Flu cases down, despite first Indiana death of the season

(WTHI File Photo)
(WTHI File Photo)

TERRE HAUTE, Ind. (WTHI) – Doctors nationwide say they are seeing an uptick in the number of patients coming down with the flu. Last month, Indiana health officials reported the first death of the season.

Dr. Richard Reed is in the beginning of a flu season, but that’s not why his office has been busy. “So far, we’ve just had nothing. Strep throat is pretty big right now and colds, a lot of colds.”

Reed sees patients at MedExpress in Terre Haute. Only two people have tested positive for influenza. Overall, flu activity is currently minimal across the state and locally, but the number of patients falling ill is expected to rise.

The virus ramps up in the winter months because it can survive longer in colder air and because people gather together.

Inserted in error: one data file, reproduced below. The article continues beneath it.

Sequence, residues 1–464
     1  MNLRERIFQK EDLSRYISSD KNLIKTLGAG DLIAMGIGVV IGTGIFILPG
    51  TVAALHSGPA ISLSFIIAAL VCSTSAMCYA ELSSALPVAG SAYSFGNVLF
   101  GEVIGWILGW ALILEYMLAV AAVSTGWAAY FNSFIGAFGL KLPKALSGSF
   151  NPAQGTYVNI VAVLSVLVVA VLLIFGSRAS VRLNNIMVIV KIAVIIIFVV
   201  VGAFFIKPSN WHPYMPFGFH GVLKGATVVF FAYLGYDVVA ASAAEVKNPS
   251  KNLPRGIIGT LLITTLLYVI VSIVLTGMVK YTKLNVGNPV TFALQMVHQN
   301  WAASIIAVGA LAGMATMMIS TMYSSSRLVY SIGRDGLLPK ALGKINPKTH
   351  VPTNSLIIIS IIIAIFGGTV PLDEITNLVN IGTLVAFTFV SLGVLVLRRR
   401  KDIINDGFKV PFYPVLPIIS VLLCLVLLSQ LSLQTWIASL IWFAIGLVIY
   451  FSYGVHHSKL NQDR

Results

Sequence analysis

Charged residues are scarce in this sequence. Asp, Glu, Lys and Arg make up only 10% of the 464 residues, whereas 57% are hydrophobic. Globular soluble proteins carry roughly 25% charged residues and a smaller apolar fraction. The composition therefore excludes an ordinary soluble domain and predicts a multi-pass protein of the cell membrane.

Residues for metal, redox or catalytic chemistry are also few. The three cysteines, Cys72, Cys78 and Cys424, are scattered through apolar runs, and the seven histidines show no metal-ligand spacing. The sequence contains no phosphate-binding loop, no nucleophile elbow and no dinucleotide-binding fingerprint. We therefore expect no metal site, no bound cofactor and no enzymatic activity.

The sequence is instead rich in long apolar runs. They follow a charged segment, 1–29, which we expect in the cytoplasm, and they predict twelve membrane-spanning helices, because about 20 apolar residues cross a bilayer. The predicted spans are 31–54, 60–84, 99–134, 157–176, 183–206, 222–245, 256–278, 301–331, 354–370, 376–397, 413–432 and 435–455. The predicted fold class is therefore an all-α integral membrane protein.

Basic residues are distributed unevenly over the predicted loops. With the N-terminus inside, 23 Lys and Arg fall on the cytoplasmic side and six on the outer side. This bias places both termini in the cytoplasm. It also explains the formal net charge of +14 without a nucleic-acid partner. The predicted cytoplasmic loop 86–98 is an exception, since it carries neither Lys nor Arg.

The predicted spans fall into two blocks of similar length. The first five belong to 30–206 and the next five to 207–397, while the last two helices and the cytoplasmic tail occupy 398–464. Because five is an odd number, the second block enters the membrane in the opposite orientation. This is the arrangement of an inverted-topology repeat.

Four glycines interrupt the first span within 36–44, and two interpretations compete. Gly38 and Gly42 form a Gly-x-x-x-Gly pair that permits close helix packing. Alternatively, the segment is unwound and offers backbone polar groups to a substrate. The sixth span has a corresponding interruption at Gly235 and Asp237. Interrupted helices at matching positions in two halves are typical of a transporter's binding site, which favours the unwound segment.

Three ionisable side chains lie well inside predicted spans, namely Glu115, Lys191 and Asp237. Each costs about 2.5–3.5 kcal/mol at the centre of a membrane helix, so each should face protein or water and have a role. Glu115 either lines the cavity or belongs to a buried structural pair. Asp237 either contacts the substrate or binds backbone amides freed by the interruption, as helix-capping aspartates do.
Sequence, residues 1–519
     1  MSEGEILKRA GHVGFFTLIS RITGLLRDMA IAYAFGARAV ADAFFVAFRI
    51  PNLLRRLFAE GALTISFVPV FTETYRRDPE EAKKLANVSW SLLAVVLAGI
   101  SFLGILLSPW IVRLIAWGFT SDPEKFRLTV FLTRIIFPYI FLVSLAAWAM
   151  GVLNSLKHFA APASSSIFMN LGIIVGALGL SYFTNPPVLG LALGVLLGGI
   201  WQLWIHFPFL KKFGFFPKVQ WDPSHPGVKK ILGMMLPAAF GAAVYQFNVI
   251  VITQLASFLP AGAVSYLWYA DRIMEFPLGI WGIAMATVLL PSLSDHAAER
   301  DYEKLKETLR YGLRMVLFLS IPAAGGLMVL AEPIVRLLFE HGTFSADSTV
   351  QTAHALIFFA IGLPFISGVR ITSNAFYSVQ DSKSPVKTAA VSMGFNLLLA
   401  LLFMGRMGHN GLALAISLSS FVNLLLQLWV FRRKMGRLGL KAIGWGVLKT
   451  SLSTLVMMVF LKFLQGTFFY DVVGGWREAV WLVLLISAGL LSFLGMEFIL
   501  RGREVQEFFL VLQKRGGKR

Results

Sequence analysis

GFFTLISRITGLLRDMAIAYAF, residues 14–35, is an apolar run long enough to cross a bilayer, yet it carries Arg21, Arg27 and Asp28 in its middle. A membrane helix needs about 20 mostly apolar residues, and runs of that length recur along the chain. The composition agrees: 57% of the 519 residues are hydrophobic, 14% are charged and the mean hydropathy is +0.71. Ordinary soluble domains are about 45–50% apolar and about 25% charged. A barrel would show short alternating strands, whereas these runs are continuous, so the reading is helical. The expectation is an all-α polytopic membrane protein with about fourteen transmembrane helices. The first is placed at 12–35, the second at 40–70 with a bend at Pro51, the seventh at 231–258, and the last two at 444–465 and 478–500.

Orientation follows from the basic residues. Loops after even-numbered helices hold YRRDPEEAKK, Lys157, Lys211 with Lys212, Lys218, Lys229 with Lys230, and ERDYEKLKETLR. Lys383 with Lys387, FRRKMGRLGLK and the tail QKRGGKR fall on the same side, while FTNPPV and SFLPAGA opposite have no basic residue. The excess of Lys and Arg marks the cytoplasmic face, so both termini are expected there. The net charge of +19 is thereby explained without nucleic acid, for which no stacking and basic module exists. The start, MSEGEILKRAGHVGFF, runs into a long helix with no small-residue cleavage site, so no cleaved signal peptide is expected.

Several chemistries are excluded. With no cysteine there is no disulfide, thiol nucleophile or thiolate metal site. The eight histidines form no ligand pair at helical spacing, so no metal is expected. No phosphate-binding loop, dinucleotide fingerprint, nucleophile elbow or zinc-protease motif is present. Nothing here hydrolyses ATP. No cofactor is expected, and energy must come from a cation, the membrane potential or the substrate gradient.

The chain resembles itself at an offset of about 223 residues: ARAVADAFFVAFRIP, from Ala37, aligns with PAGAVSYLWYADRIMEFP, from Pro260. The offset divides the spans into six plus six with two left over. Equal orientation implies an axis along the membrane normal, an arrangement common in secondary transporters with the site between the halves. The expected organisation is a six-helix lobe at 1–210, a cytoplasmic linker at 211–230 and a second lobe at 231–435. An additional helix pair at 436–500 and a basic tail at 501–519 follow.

“The thing to remember is, it’s a viral illness. Antibiotics don’t do anything to turn it around,” said Reed.

There are some simple ways you can protect yourself. Practice the three C’s; clean, cover and contain. First and foremost, wash your hands frequently to get rid of germs, cover your cough or sneeze in your arm, and stay home from school or work when you’re sick. “It’s spread by droplets, people sneezing, so all of those things are really important to diminish the spread,” said Reed.

The best defense? Rolling up your sleeve. According to the CDC, this year’s flu shot appears to be well-matched to the strains out there.

“It was very effective. It looks like it’s right on the money with effectiveness. The vaccine is very important. It prevents millions of people each year from going to the doctor, because they got the shot,” said Reed.

Although anyone can get the flu, some people are at higher risk of flu-related complications, such as pneumonia, hospitalization and death. High-risk individuals include pregnant women, young children (especially those too young to get vaccinated), people with chronic illnesses, people who are immune-compromised and the elderly.

Flu season in Indiana historically runs from January through March, but the virus is present year round and can have a severe effect on the very young and the elderly.